When God promised Abraham that he would bless him and give him numerous descendents, he confirmed his promise with an oath. The oath that God swore made his promise unalterable. When God made a covenant with his people, he gave it to them as a last will and testament. To make this valid for his people, God’s Son died. Upon Christ’s death, the will became effective, and its wording, unalterable.
God made a covenant with sinful people. He instructed them to sacrifice animals whose shed blood would cleanse them from sin. But because the people of Israel did not remain faithful to the covenant God had made with them, through the prophet Jeremiah he announced that he would make a new covenant with people upon whose minds and hearts his law was written.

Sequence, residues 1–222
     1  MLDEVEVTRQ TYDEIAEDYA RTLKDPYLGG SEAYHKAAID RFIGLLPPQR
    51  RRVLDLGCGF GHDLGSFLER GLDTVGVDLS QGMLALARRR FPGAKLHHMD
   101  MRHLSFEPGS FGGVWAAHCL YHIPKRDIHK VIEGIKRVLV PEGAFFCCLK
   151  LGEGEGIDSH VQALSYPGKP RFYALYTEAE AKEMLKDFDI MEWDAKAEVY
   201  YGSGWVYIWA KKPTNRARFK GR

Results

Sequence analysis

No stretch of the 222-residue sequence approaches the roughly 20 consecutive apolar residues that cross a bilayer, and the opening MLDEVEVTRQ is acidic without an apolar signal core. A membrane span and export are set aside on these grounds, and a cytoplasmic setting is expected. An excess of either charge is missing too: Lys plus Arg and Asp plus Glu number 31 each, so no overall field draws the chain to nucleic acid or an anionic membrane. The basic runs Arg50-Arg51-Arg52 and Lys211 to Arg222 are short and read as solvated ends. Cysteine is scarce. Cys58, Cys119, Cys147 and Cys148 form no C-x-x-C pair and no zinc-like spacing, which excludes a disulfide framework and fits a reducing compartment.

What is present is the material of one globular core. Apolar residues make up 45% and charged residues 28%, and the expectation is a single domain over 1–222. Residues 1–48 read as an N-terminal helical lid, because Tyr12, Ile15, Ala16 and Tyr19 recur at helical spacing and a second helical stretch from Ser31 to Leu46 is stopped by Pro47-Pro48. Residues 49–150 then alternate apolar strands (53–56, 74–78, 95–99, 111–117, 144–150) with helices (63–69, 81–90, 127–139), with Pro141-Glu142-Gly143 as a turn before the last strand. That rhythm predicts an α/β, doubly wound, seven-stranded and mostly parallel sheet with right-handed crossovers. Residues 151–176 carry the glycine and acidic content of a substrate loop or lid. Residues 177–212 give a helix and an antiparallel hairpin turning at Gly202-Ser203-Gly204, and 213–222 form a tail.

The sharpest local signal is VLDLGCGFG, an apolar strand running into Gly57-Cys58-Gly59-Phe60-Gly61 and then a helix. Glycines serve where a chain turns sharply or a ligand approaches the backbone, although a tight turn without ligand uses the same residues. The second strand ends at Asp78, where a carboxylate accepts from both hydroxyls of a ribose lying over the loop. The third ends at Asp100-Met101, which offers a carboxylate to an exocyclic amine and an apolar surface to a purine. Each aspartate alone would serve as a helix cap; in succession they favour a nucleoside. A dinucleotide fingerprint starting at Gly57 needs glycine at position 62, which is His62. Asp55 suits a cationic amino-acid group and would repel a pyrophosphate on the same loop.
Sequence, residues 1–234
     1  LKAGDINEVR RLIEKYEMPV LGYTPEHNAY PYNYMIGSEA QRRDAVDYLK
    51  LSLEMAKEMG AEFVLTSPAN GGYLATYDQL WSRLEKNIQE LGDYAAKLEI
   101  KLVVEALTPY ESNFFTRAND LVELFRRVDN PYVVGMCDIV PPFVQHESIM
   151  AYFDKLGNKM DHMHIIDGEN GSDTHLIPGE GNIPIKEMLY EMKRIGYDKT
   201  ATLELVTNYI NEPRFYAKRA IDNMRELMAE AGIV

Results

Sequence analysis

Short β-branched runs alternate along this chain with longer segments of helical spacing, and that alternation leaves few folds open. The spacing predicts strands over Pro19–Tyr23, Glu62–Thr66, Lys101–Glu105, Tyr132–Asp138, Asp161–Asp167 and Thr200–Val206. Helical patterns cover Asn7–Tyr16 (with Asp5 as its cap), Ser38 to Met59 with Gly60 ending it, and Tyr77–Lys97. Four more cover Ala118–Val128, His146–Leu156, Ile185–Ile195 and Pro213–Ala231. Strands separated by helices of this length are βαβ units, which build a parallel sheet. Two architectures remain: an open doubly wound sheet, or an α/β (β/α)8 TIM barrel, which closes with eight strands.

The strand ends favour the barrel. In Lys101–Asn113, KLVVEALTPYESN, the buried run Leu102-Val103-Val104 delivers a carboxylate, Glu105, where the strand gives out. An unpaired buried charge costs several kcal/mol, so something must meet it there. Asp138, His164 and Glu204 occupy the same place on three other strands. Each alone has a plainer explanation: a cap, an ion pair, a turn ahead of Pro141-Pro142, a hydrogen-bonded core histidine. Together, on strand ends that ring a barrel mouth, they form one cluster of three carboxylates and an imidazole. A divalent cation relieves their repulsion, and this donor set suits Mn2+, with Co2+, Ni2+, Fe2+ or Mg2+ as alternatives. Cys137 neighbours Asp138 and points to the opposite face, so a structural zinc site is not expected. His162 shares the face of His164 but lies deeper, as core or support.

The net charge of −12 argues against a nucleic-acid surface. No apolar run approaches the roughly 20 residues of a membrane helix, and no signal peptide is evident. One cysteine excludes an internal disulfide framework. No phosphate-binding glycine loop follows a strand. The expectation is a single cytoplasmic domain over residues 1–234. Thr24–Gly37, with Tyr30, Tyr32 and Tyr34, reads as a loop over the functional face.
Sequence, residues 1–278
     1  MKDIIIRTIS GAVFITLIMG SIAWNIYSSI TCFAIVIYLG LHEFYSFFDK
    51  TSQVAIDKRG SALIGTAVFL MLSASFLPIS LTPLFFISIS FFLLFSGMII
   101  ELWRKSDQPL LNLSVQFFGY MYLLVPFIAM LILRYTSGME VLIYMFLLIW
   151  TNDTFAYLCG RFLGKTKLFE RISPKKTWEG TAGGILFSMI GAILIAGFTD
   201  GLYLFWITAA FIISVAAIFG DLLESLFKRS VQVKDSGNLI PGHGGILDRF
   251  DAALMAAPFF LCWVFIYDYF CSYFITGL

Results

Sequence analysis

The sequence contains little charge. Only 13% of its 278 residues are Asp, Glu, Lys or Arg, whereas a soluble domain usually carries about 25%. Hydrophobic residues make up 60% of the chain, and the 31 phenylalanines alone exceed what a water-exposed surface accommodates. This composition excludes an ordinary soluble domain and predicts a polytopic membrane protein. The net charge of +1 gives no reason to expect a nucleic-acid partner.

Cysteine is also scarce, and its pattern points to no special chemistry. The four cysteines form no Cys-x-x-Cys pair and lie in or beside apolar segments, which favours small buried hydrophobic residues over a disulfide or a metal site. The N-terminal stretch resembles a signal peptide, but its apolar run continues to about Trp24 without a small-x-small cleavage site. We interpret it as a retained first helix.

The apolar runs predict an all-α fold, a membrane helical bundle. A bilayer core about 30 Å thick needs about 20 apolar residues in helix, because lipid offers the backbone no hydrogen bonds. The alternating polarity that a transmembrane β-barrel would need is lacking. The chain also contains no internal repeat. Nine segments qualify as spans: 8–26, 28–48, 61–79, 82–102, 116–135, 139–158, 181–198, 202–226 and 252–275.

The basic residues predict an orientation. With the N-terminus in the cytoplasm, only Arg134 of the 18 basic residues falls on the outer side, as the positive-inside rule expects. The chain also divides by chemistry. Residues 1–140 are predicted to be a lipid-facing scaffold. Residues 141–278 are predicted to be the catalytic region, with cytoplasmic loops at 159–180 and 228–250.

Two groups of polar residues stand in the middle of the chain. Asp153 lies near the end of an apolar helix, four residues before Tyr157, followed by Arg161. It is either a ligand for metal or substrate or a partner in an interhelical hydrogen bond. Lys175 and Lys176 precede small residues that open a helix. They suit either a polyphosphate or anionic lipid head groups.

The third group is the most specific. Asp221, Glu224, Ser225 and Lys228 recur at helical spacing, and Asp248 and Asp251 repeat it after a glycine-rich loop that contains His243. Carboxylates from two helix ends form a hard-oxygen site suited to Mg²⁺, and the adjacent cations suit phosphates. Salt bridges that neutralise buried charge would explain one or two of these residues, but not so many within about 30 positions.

Christ became the mediator of this new covenant, and through his faithfulness, he fulfilled its demands. For the sins of his people he shed not the blood of animals but his own. The writer of Hebrews posits God’s demand for restitution of a broken covenant agreement by saying, “Without the shedding of blood there is no forgiveness” (9:22). The counterpart of this statement is the Christian’s jubilation, “Because Christ shed his blood, I have been forgiven!”
Read or sing Hymn: 246 “Man of Sorrows! What a Name” Prayer: Please lift up tomorrow’s morning and evening worship services.